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On 22/08/2011, at 11:46 AM, David Conrad wrote:
What exactly would you have the RIRs in general or APNIC in particular do?
Step up to actively increase participation, both from outside the LIR community and within. Some examples (many of which I'm sure are being done, but just nowhere near enough to achieve enough effect):
- articles published in wider circles (i.e. general business magazines, key blogs, etc) - research commissioned from independent thinkers and then published - a much more active presence at ICANN meetings with workshops on the key issues - travelling workshops
See a pattern?
Well, yes, but probably not the one you intended :-). With the exception of pricing fluctuations, all of the radical policies you suggest seem to require some form of centralized control.
I don't want to get hung up on the radical policies I proposed, they were there to illustrate the point that different approaches within a policy framework are possible. You had some interesting questions in there that I'll quickly answer by saying the RPKI should not be voluntary and RIRs (or companion organisations to maintain a registry/regulator split) should become addressing police officers using the RPKI sanction to keep people in line.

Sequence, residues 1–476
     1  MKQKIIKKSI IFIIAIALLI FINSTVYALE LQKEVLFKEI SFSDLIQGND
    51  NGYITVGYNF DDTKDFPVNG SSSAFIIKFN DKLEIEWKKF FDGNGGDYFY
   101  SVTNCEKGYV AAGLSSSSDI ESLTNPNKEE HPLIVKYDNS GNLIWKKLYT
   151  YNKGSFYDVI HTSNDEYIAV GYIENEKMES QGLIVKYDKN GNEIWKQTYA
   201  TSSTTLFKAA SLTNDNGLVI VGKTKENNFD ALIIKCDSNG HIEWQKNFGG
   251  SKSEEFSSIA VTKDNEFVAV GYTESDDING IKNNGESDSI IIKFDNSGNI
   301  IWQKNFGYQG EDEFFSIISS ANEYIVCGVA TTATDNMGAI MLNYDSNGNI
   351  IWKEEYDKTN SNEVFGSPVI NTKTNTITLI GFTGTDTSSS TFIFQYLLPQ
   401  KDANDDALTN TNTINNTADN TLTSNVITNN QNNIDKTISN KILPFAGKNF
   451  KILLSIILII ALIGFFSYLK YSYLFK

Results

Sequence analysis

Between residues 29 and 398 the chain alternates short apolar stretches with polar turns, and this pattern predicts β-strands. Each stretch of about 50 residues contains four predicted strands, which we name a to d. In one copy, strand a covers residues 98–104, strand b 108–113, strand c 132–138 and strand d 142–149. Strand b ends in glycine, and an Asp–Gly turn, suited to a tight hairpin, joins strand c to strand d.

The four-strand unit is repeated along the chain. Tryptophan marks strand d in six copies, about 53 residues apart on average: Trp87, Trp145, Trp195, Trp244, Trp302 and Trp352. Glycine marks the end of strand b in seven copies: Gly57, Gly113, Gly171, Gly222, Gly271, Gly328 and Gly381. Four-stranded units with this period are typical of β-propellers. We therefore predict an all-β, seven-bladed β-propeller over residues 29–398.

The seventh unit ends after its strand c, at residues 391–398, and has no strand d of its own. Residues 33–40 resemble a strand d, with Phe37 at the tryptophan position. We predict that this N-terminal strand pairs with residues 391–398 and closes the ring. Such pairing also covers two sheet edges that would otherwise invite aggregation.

Yes centralised control is one way of putting it, though the words imply a small number of people at the centre making decisions when my focus was on the centre enforcing the consensus decisions of a broad community. Stronger rules with stricter enforcement are increasingly necessary for the administration of key Internet resources, though we need to be careful about how that is done.
On the pricing change, I would be curious to know how you think that might emerge by itself?
What is occurring is actually the opposite: an increase in decentralization, at least in the functions associated with reuse of allocated address space and maintenance of registration data. I'd argue this decentralization is occurring because of the existing RIR system's inability to adjust in a timely fashion to an environment radically different than the one in which the original rules were defined and that this decentralization will only increase, particularly as IPv4 becomes more scarce.
I agree entirely.
You appear to be arguing that a broadening of participation will fix that. I'm ... skeptical.
The people I see who most would like to get involved in numbering policy but can't for reasons of resources or accessibility are LE, regulators, governments etc. Add those to the mix and yes the landscape will change.
warm regards Jay